Model for your children: It is common knowledge that your children are more likely to do what they see you doing, not just what you say or ask them to do. This is true when it comes to reading. Try to read for pleasure, before bed, on weekends and on vacations. Your children are watching more than you may imagine. If you don't like reading, try to get into the habit by slowly reading magazines or something related to your interests or hobbies. Start small and connect it with your daily activities. After all, very few hobbies can be better than getting lost in a book.
Encourage your children to read to you: A bit of control may empower your children and having them read to you may help them appreciate the value and the fun of active reading. One thing you can do, you can actually alternate who does the reading. You can alternate by day, by page, or by paragraph. After all, this is meant to be fun.
Encourage your children to take a book with them: Besides bedtime, there are many occasions during the day that may be great opportunities for you to read to your children or for your children to develop the habit of reading. Time spent commuting, waiting at the doctor’s office, dining out at a restaurant, or even waiting in line at a store are all good examples of "extra" time for reading. All these times add up, and making use of these 5 minutes here, 10 minutes there, can sum up, to reveal more time for reading.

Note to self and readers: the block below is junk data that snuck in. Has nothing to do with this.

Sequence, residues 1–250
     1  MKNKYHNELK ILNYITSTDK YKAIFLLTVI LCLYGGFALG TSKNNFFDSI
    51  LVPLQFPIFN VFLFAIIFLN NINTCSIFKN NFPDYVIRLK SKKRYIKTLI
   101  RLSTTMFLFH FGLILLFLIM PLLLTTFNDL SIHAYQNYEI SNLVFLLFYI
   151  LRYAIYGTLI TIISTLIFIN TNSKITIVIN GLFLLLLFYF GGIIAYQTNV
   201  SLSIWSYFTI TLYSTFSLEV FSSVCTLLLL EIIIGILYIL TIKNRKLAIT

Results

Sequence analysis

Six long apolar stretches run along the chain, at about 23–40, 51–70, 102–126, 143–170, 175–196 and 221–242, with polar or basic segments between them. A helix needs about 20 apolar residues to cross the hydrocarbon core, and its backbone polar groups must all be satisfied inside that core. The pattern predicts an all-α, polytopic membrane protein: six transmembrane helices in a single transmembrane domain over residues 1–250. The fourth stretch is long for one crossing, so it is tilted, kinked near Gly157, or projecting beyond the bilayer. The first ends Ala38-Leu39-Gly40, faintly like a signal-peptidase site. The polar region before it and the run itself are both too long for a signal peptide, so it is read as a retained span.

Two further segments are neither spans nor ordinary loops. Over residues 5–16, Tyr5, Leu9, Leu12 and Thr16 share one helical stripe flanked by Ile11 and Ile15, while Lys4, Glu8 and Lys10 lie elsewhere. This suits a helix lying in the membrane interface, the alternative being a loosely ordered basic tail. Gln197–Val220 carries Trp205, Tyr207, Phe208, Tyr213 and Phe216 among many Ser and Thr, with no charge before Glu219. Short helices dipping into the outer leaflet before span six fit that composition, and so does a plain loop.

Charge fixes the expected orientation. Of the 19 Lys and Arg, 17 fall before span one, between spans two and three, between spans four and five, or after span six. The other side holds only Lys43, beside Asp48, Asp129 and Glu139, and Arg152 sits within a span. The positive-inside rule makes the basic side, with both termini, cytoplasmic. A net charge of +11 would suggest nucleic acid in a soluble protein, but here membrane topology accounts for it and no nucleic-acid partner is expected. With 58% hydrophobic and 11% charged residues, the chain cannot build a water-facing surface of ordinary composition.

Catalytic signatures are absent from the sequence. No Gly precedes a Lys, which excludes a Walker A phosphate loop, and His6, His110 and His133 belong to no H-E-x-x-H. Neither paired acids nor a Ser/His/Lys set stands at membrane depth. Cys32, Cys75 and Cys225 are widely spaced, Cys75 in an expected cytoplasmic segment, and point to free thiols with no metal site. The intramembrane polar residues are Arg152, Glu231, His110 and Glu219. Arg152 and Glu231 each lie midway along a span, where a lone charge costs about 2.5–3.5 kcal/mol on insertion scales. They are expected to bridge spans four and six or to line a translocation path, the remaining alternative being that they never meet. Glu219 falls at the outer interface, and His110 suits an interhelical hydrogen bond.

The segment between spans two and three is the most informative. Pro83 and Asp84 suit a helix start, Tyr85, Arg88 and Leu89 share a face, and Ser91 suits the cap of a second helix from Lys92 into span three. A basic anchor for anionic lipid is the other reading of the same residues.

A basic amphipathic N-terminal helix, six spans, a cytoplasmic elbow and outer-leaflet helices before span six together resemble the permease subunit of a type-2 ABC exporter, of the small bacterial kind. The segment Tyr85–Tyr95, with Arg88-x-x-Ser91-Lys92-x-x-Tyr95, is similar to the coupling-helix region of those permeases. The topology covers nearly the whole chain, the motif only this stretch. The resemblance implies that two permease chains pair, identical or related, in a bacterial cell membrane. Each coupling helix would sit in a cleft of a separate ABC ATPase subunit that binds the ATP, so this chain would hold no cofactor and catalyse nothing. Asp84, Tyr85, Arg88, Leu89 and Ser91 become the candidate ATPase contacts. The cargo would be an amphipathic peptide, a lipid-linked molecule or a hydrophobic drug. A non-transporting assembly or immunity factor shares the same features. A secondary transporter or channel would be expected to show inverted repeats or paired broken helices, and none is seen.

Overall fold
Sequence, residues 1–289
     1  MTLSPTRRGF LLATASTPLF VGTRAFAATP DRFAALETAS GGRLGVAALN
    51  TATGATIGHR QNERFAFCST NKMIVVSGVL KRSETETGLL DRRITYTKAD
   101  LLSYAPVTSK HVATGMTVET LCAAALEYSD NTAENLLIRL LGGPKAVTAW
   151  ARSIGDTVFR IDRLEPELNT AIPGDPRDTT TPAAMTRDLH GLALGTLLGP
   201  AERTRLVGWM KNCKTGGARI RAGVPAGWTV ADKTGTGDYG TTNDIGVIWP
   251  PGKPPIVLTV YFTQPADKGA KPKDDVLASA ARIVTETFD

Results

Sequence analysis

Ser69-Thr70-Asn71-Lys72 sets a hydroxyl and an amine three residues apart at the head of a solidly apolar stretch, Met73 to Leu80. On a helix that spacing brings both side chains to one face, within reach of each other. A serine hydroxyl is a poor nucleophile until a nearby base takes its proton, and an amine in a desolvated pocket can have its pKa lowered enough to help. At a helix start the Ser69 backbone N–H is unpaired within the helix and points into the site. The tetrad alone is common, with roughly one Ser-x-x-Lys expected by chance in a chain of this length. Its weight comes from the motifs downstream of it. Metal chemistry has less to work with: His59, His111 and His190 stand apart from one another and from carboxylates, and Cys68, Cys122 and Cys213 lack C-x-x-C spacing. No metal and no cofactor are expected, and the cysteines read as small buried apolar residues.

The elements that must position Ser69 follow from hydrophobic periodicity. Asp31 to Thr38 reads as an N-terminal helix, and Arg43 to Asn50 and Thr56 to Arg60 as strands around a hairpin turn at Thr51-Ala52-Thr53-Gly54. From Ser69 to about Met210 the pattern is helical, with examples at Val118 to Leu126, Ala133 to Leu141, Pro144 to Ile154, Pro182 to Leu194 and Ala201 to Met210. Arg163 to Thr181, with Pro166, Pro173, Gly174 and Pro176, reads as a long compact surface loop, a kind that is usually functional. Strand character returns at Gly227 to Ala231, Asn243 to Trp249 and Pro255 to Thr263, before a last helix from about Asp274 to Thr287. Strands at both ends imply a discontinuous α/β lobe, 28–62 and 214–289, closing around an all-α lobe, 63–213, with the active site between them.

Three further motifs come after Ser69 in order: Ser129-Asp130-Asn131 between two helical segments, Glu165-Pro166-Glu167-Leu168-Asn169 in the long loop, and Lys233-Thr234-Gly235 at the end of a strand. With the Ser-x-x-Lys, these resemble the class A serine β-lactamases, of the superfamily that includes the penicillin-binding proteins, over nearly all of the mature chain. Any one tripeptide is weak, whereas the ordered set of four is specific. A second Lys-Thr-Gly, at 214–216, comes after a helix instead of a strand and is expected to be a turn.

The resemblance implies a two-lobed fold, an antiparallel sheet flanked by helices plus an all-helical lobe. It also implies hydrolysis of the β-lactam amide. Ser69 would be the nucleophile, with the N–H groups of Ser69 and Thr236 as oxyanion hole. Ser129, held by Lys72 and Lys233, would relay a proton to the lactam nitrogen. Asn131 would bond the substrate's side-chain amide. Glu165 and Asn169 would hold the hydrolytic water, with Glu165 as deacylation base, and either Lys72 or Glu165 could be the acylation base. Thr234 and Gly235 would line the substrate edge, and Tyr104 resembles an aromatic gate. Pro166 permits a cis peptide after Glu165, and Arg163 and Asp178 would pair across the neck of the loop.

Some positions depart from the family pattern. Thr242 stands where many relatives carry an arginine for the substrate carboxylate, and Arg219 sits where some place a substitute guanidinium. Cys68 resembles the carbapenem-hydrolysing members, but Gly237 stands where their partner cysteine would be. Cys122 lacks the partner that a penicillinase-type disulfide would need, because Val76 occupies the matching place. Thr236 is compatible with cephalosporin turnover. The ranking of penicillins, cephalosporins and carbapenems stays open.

Incentivize: Who says you cannot incentivize your children around developing a great reading habit. After all, one of the best ways to shape any behaviors in children is through incentives. Provide a good and healthy incentive. Discover what really motivates them and be willing to use it to encourage reading.
Connect reading with the reality: I know a couple who make sure to read to their child about a different state, country, or culture, each time the family or close friends travel. The child's curiosity spikes, lots of emotions are involved, lots of questions are posed and the child just wants to learn more and more. If traveling is not your thing, you can read to your child about his or her favorite hobbies, characters, or interests. What matters is to connect the reading with the reality, make it more palpable, and increase your child's curiosity.
Lastly, what are your thoughts? What experience or wisdom would you like to share for further tips on reading to your children?
Please leave your comments!
Dr. Sidor is quadruple board certified in psychiatry, with vast clinical, teaching, supervision, mentorship, and management experience. He also has extensive experience in public speaking, leadership, business, and research, in addition to a passion for program development and project management. His overall goal is to empower all health care professionals throughout the United States and globally, towards ensuring the continuity of excellent patient care, while balancing the need to take care of themselves. Dr. Sidor is the main instructor for the SWEET Institute, and he is currently an Assistant Professor of Psychiatry at Columbia University. He is also the past Medical Director and Chief Medical Officer for CASES (Center for Alternative Sentencing and employment Services), where he continues to see patients and consult on challenging cases. He speaks and writes fluently in six (6) languages—French, English, Spanish, Portuguese, Creole and Italian.